“Please be informed that I have appointed Mr. Wayne Kermenski to become the next principal of Hawlemont…  Mr. Kermenski has been a member of the Mohawk educational team since 2007. Wayne is a certified science teacher with a strong background in project-based learning, which I believe will be an outstanding match with Hawlemont’s developing agricultural program,” he added.

Mr. Buoniconti noted that Ms. Guiguere, Mohawk’s most experienced principal, is a former longtime principal of Hawlemont.

“It has been a pleasure having him as an intern. I saw him less as a learner and more as a co-principal. I’ll miss him and look forward to seeing him as a principal,” Ms. Giguere said.

Meanwhile, Jacqui Goodman, fifth-grade teacher, said she looked forward to having Mr. Kermenski stay involved in a wind turbine project he initiated, and which will see many of our students compete at the KidWind Challenge at the Science and Sustainability Expo March 7 at Greenfield Community College.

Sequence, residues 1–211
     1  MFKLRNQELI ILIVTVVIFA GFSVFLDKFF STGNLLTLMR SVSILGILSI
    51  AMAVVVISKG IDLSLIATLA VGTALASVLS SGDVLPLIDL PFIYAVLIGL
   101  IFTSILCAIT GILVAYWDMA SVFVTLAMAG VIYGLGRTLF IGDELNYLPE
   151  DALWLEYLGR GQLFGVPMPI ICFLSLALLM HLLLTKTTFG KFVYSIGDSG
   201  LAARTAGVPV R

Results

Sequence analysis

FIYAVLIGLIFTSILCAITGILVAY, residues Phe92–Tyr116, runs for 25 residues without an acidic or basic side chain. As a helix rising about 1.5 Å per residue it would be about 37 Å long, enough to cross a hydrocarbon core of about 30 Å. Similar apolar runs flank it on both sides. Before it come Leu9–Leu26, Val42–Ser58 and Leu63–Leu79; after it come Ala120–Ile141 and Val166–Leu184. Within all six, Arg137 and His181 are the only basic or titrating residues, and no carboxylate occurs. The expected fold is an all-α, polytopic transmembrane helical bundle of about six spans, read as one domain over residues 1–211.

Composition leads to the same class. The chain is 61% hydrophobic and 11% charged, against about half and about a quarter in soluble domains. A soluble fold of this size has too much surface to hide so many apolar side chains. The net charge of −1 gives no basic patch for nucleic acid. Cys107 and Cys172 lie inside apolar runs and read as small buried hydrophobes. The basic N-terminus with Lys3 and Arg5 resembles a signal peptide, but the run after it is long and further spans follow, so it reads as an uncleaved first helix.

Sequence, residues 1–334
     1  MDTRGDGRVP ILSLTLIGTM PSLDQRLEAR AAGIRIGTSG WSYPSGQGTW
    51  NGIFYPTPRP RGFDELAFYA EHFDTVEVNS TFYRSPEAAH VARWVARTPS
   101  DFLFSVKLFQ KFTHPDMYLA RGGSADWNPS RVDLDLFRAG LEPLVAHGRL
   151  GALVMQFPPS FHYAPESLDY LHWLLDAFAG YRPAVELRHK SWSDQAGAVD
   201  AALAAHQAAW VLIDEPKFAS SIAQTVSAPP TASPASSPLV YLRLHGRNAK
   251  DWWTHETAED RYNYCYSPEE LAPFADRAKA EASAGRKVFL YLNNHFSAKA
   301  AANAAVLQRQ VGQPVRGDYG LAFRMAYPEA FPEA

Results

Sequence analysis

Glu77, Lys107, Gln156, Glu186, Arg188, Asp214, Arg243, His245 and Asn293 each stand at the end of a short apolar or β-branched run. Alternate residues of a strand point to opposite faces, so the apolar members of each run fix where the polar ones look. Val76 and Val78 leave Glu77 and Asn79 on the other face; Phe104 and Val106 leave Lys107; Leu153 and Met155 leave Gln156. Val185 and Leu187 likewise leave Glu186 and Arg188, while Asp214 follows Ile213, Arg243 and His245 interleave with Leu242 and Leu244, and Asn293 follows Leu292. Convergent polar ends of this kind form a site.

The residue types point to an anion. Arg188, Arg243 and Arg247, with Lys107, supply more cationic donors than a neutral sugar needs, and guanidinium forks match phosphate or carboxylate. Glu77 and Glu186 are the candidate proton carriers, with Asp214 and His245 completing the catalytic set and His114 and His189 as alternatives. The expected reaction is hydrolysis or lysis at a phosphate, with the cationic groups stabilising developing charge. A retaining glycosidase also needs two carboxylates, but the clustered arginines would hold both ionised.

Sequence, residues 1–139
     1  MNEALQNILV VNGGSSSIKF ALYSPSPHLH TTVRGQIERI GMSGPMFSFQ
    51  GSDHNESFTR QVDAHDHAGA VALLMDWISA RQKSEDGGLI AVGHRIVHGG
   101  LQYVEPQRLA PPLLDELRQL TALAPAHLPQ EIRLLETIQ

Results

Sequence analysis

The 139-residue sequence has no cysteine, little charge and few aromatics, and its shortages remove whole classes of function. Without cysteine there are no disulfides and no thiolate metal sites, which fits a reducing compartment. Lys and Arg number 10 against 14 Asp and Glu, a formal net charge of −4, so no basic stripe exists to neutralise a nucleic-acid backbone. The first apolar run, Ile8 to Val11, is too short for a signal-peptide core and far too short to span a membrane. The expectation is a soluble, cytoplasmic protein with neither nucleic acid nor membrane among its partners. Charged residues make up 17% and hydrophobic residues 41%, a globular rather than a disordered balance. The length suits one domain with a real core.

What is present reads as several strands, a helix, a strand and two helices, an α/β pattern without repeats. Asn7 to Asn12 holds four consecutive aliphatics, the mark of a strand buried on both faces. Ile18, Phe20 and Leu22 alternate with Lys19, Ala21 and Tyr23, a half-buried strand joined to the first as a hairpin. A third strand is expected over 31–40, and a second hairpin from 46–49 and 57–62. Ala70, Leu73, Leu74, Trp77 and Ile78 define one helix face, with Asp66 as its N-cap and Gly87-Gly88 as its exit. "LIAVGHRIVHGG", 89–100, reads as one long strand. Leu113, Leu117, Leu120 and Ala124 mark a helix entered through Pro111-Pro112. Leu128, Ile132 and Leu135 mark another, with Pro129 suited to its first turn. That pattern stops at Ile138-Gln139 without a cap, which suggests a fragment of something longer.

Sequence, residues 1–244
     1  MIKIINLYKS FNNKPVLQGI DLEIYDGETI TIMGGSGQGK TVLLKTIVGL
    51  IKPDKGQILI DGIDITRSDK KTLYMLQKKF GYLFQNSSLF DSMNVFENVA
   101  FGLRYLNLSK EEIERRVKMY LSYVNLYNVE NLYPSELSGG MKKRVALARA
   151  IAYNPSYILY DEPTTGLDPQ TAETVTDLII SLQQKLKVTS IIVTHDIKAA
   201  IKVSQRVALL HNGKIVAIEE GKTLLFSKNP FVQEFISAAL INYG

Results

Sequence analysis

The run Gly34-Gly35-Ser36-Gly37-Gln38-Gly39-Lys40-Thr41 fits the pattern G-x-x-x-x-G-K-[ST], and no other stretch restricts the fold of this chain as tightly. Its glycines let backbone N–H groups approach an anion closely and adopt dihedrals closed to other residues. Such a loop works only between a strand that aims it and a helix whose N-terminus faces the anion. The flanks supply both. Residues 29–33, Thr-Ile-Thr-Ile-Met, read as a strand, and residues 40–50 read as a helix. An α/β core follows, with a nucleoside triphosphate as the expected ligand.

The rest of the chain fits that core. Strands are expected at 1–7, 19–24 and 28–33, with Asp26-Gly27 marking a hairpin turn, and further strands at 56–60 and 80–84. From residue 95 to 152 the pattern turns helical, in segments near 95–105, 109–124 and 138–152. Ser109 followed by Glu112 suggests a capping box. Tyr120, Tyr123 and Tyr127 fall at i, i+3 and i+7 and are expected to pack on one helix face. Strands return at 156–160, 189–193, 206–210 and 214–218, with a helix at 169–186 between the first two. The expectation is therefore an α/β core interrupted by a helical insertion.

‘He’ll be missed…’

In part because of his easy nature and clear dedication, BSE’s staff and students say they’ll miss seeing Mr. Kermenski day to day.

Here is a sampling of quotes from other folks who said he’d made a big difference here:

  • Trish Perlman, sixth-grade teacher: “Any school that has him as a principal is very lucky.”
  • Clayton McCloud, sixth-grade student: “Learning he was leaving was very upsetting because he was a very nice person.”
  • Reuben Bassett, sixth-grade student: “He was a very good teacher for the short time he was here.”

    — By Areia Heilman, Joy Bohonowicz, and John Snyder